Diary of the Future

February 22nd, 2014

February 22, 2014: Climate disruption is becoming increasingly evident in our times. As we begin to thaw out from what has been a surprisingly cold and snowy winter, it seems almost comical to have to ask whether this is somehow connected with global warming. It is. The southward migration of the polar vortex, which we’ve all started hearing about, is partly caused by an upwelling of warm air in the Arctic, causing the center of the vortex to rise and the edges to spill outward. This doesn’t mean that global warming causes it, but only that it likely exacerbates it, continuing a changing pattern of weather events that taken together are what we mean by “climate change.”

nasa-polarvortex-drop.jpg.CROP.original-original http://www.jonathancloud.com/wp-content/uploads/2014/02/nasa-polarvortex-drop.jpg.CROP_.original-original-300x300.jpg 300w http://www.jonathancloud.com/wp-content/uploads/2014/02/nasa-polarvortex-drop.jpg.CROP_.original-original.jpg 354w" sizes="(max-width: 150px) 100vw 150px" /> NASA Goddard Space Flight Center[/caption] Of course this is not the first 'Arctic winter' to be experienced in the U.S., though it dropped record amounts of snow and broke all of the low temperature records set since the National Weather Service started keeping them in the 1870s. And the disturbance may well be linked to climate change. According to Phil Plait writing in Slate (Feb 2014): "warming water in the Arctic leads to ice loss which leads to more warm water. Some climate scientists think this may be disrupting the air flow in the polar vortex, which in turn leads to the meanders in the jet stream. This idea is pretty new and not yet verified. But the irony is clear: If these scientists turn out to be right, not only does the cold weather not disprove global warming, it may actually be caused by it."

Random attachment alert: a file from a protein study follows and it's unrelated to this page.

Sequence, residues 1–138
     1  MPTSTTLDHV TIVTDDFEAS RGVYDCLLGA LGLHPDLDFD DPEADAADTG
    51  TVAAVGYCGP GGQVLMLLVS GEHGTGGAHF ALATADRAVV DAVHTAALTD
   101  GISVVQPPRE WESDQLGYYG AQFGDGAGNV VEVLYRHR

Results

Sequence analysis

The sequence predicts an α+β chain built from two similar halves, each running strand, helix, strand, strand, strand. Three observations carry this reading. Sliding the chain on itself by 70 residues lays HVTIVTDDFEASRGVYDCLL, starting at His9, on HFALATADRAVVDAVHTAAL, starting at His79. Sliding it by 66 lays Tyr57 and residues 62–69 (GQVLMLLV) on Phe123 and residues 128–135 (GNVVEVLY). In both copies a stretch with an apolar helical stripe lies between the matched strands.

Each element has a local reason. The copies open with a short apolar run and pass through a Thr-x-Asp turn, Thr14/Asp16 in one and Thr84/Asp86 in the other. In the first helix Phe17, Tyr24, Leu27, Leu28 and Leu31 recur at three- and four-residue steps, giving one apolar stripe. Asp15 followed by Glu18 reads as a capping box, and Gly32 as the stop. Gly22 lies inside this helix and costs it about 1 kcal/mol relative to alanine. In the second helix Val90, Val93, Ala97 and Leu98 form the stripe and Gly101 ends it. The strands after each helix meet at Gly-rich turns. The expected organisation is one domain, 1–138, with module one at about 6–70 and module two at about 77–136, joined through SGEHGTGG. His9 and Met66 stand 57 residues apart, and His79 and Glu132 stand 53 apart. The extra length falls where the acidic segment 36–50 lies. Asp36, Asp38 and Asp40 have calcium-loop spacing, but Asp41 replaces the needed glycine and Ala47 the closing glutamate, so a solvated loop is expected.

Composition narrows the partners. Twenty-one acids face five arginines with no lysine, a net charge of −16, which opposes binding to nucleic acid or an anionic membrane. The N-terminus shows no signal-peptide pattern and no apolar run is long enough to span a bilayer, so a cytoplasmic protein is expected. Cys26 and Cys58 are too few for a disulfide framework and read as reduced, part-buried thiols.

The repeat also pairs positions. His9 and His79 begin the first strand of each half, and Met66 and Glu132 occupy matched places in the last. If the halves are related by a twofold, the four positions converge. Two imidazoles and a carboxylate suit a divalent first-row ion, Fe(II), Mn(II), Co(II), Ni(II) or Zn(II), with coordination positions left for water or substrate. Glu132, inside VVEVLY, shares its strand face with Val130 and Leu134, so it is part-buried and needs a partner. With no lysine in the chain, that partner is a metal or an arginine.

Wikipedia, as always, brings us plenty of footnoted references:

Beginning on January 2, the breakdown of the polar vortex and subsequent southward movement of tropospheric Arctic air was caused by sudden stratospheric warming(SSW),[12] a phenomenon discovered in 1952. NASA states, “A major midwinter SSW event occurs when polar stratospheric temperatures increase by at least 25 K in one week, and the zonal-mean zonal wind at or near 10 hPa (at about 30 km altitude) reverses direction and becomes easterly north of 60° N.”[13]

In short, we are now living in the age of climate change in a way we haven’t really started thinking about yet: exactly how are we going to adapt to it?

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